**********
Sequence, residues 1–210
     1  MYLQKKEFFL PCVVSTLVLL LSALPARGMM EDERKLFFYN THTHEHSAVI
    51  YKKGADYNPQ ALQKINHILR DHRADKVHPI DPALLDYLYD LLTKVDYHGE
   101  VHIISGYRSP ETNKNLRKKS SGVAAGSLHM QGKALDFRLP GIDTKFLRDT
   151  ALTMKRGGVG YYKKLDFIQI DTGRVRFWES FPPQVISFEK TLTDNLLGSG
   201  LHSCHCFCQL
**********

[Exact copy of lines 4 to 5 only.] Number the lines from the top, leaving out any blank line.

   101  VHIISGYRSP ETNKNLRKKS SGVAAGSLHM QGKALDFRLP GIDTKFLRDT
   151  ALTMKRGGVG YYKKLDFIQI DTGRVRFWES FPPQVISFEK TLTDNLLGSG